Obviously any role-player worth his or her salt is going to dip in and out of both perspectives, but it should come as no surprise that some people are going to be more strongly attracted to one pole of the experience or the other and that all players will exhibit varying degrees of extremity.
Picking Locks and Perspectives
Back to our discussion of the mini-game.
For the rule-gamer, it seems impossible that their character should be able to open a lock without the requisite skill and the mini-game obviates the need for this skill by being too easy. It deteriorates their feeling of immersion by removing a boundary, a rule which is used to create focus. If any character can succeed at the mini-game, regardless of their skill, it trivializes the choices they have made for their character.
For the role-gamer, by contrast, it seems not only possible that their character should be able to attempt any lock, but more realistic that it shouldn't be known beforehand whether or not the lock is too difficult but discovered through the attempt. Knowing beforehand that a lock is 'too difficult' for their character deteriorates their feeling of immersion by removing a choice and distancing them from their character, and for these players choice and intimacy are the very elements of RPGs that makes them worth playing. By acting out the mini-game, they get to participate in the uncertainty and sensory experience of the character. They are 'living' the character instead of 'directing' them.
But is one position really 'more' RPG than the other? It's true that rules help to shape and refine the experience, that they help you to be someone else, someone you can't be in real life; but the only reason why the rules exist is to aid the player in experiencing an alternate life. If the mini-game enhances the player's feeling of reality, of really 'being there', isn't that just as important an aspect of role-playing? When it comes right down to it, role-playing games aren't only about being someone else; they are also about being someone else.
The best experience is going to be the experience that promotes not only the feeling of newness, of adopting an alien role, but of really experiencing that role first-hand, of living it. The rules direct your focus, but the sensory elements make that focus real. In other words, they are complimentary, not conflicting.
Complementary, not Contradictory
When players argue over these kinds of features then, it pays to consider if the problem might not be that the mechanic is too actiony to be included in the genre, but that the implementation might simply be too 'loose', not refined by an adequate system of rules.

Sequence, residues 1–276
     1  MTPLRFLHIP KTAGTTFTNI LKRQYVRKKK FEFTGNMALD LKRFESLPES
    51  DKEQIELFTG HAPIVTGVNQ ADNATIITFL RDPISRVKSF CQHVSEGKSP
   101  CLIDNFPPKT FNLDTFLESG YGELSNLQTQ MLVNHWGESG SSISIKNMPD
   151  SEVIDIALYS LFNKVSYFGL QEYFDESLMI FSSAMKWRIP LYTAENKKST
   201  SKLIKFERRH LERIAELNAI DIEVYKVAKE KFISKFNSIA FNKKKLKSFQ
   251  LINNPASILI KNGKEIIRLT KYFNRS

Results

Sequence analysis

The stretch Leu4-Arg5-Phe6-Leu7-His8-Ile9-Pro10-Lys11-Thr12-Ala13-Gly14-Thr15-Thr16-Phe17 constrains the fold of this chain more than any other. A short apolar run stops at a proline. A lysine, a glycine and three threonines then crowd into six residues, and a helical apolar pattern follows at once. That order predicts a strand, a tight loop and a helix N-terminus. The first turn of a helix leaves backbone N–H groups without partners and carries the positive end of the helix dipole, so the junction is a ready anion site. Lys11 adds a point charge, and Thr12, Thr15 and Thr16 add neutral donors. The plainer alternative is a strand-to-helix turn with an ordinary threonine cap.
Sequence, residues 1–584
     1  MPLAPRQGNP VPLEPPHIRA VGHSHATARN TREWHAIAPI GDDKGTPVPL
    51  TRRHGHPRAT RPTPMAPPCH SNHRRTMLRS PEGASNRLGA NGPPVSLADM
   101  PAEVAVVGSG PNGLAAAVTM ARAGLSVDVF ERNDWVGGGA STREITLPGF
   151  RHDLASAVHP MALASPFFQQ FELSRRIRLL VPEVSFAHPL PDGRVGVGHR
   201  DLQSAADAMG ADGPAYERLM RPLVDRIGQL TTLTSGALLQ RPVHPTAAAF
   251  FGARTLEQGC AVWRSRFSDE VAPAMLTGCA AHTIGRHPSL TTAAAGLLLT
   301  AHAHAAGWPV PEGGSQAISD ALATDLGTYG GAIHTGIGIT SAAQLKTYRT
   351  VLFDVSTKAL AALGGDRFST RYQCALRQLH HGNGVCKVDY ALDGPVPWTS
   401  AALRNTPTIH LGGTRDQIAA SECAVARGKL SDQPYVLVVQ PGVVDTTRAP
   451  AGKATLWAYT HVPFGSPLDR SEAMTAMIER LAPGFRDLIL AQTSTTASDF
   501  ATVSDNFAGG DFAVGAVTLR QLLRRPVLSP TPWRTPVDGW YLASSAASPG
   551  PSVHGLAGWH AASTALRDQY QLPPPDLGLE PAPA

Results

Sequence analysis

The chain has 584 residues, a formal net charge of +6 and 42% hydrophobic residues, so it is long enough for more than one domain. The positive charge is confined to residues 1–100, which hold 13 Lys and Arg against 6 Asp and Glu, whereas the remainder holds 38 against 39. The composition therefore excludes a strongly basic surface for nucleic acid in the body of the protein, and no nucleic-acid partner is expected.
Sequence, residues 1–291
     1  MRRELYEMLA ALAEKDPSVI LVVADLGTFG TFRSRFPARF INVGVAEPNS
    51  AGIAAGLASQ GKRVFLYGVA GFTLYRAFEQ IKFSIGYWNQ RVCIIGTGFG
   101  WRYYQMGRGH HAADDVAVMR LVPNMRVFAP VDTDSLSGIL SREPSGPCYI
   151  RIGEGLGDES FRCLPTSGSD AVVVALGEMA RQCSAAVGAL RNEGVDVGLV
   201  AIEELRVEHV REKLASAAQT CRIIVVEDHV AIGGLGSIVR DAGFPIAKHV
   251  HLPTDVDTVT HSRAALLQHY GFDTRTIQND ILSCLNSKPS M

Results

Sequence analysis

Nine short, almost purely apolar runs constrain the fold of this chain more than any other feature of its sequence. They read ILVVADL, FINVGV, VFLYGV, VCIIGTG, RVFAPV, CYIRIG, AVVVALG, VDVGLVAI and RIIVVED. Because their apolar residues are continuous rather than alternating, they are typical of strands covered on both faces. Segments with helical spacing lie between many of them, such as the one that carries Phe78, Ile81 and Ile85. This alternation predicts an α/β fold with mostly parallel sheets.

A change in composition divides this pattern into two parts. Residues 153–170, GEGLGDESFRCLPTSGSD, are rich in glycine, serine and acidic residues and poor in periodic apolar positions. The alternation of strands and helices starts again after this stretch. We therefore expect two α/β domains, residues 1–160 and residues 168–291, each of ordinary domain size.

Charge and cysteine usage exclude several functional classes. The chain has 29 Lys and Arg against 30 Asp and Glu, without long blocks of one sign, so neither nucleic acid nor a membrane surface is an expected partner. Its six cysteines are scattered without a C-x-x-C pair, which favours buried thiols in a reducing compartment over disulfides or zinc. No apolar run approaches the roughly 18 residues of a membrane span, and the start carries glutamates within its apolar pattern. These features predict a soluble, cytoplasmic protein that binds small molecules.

Conversely, it might be worthwhile to consider whether or not elements that have thus far avoided the fate of being turned into mini-games might not benefit from being so converted. Perhaps a mechanic is too 'rule-bound' to be interesting and could be enlivened through the addition of sensory elements. Certainly, not all elements are capable of being converted and even those that can be won't be malleable to the same degree, but it is worth investigating in each case because sensory immersion is just as important as character focus.
Does the addition of forges, skinning racks, wood piles, ore veins, and grindstones add to the immersion and enjoyment of using skills which are otherwise entirely rule-bound? Do the character animations improve the experience and make it 'more real'? The skills will function the same without them, so why force a player to locate one of these objects and interact with it? What does it add to the game? Why not simply remove all of these models and animations and leave the entire mechanic in the skill menu as a collection of options?
The lockpicking mini-game serves the same function as all of these models and animations, but in Skyrim it also introduces the complication of player subversion. This is a problem, for sure, but the solution isn't to remove the mini-game. The lockpicking mini-game was added for a reason and it's a good reason: building immersion. The solution, rather, is to tighten the implementation of the mini-game so that the pursuit of immersion isn't obtained at the cost of balance and consequence.
The lockpicking mini-game needs to grow in sophistication so that it stands alongside real-time combat as a fully realized merger unifying the twin elements of rule and immersion. Rule gamers need to understand that immersion is the succulent fruit at the heart of RPGs. Role gamers need to understand that rules are the nurturing environment in which this fruit grows. They are complimentary: without one, we have no life or color, without the other, no meaning. Fortunately, this isn't Sophie's Choice. Choose both.